When people think about what vitamins can do for them, they often conjure images of feeling more energetic, being more clear-headed, seeing more clearly, fighting off sicknesses more effectively. They think about the impact these little pills will have on their day-to-day lives. But what about their night-to-night lives? We don’t think of these benefits as readily, because, well, we’re not conscious when they’re happening. It turns out vitamins can have a positive impact on your sleeping hours as well as your waking hours.
Here’s a quick guide on the vitamins most likely to help you sleep and sources where you can find them.
Magnesium is perhaps the most important vitamin or mineral when it comes to sleep. It plays a key role in the bodily function that regulates sleep and studies have shown that sleep suffers without optimal vitamin intake. It’s even been called “the most powerful relaxation mineral available”—a pretty impressive accolade. Which makes it all the more surprising that the majority of Americans don’t have enough magnesium in their diets. This is no small issue, given that even marginal deficiencies can prevent the brain from settling down at night. Plus, it can also cut your risk of heart attacks and diabetes—so be sure to get plenty of this miracle mineral in your diet!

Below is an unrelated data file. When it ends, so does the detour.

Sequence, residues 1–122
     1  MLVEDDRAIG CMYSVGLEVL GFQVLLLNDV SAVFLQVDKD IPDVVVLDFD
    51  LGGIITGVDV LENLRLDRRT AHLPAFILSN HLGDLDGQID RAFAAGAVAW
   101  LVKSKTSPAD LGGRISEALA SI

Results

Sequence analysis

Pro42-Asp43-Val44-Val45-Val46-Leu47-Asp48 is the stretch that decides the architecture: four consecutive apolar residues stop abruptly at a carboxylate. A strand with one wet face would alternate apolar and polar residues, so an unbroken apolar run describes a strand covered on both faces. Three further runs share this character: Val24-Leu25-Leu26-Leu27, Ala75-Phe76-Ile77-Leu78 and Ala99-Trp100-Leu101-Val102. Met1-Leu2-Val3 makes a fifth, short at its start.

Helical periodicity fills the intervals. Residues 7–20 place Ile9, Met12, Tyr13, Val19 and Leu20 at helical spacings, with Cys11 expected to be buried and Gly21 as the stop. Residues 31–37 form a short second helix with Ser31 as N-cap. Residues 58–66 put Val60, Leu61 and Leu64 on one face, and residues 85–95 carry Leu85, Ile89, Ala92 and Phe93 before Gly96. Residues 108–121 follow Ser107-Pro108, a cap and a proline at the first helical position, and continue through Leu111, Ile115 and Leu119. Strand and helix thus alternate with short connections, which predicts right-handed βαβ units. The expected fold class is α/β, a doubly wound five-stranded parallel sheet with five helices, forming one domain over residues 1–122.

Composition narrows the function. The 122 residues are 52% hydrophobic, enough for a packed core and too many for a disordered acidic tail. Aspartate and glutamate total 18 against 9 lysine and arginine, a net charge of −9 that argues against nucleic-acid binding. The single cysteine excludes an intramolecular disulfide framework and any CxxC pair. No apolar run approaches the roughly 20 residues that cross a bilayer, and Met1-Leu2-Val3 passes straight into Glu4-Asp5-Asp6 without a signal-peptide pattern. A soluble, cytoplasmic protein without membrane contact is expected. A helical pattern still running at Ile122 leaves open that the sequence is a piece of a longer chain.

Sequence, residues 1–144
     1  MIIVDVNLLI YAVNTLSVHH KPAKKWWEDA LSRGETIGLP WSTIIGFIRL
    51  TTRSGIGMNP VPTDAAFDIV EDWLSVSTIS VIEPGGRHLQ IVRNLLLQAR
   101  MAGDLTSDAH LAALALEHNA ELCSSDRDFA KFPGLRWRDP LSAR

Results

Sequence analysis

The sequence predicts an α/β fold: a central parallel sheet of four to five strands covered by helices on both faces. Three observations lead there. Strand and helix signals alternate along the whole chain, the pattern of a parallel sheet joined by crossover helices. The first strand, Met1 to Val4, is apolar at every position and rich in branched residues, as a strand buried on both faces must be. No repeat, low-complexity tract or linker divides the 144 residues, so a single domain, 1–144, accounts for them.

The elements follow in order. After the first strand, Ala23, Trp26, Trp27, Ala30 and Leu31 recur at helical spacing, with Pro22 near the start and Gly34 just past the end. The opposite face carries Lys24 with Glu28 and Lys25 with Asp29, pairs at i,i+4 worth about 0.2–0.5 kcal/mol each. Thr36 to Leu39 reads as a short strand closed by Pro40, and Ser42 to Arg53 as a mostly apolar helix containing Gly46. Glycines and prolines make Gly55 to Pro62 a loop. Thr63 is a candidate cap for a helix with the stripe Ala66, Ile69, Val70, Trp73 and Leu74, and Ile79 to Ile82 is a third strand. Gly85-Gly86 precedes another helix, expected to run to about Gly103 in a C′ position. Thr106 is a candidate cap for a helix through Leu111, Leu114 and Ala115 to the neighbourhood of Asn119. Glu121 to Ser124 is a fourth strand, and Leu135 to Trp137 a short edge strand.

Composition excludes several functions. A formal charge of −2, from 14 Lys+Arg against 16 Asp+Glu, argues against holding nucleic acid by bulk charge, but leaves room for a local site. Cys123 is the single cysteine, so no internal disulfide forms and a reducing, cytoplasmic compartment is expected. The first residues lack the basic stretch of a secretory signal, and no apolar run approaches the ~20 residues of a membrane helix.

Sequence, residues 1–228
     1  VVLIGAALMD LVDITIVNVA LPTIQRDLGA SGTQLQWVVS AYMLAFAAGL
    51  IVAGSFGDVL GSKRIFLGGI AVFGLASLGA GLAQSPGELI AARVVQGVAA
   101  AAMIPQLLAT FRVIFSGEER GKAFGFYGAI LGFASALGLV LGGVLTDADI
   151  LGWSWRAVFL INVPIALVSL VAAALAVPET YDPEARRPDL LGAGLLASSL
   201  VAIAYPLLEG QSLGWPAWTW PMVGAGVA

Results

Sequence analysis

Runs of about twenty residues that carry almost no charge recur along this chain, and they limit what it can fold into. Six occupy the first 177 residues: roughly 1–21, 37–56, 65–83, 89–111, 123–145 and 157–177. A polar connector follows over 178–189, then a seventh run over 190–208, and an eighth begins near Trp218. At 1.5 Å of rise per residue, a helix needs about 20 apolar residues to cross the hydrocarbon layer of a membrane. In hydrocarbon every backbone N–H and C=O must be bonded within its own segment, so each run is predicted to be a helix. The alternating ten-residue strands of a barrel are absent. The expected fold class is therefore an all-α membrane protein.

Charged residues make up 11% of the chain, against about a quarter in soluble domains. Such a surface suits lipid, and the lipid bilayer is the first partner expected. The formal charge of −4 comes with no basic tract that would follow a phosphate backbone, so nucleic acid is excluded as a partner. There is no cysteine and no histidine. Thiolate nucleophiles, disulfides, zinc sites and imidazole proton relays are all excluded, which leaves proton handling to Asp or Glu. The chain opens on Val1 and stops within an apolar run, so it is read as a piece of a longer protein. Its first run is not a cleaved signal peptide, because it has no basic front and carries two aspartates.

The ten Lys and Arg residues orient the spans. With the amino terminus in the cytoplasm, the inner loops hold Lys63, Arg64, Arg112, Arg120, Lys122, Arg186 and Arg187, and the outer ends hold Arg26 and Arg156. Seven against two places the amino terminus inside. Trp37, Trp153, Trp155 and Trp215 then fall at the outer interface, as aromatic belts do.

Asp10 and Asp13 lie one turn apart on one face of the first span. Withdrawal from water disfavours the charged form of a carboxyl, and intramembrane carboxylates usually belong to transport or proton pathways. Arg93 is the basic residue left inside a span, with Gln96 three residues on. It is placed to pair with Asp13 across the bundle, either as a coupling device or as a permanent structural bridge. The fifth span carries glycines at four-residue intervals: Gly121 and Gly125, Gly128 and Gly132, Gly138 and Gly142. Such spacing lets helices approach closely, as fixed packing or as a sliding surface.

Find Magnesium in: Leafy greens, almonds, pumpkin seeds, beans
Calcium has been shown to play a significant role in our sleep cycles, particularly the REM stage of sleep. Because calcium helps the body use the amino acid tryptophan (the oft-cited culprit of the supposed post-turkey sleepiness on Thanksgiving), it has a sedative effect that helps ease the body into sleep. Understandably, then, a deficiency in calcium can cause restlessness and wakefulness. Guess grandma was right about the glass of milk before bed, :).
Find Calcium in: Milk, yogurt, and other dairy products; leafy greens, salmon, sardines
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If you’ve been falling asleep just fine but waking up at 3 AM unable to fall back asleep, a potassium deficiency could be the issue. According to a 1991 study in the Journal of Sleep, potassium has a direct effect on the deepest phase of sleep (which has the most restorative benefits), and a lack of the mineral can cause you to wake up mid-sleep. Plus, potassium works synergistically with magnesium, so taking both of these together will have a marked improvement on your rest.
Find Potassium in: Bananas, beans, baked potatoes, avocados, and leafy greens
4. B Vitamins
In an exploratory study from the University of Alabama, researchers found that B-12 supports the production of neurotransmitters involved in brain function and sleep. Furthermore, deficiencies in vitamin B6 have been linked to psychological distress, which in turn brings a slew of sleep disturbances. In sum, staying up on all your B’s should seriously improve your Z’s.
Find B-12 in: Fish, poultry, eggs, dairy
Find B-6 in: Beans, poultry, fish, papayas, dark leafy greens
Note that for some of these vitamins and minerals (especially B-12), you may need to invest in supplements to get an adequate amount. Sleep tight and stay healthy!
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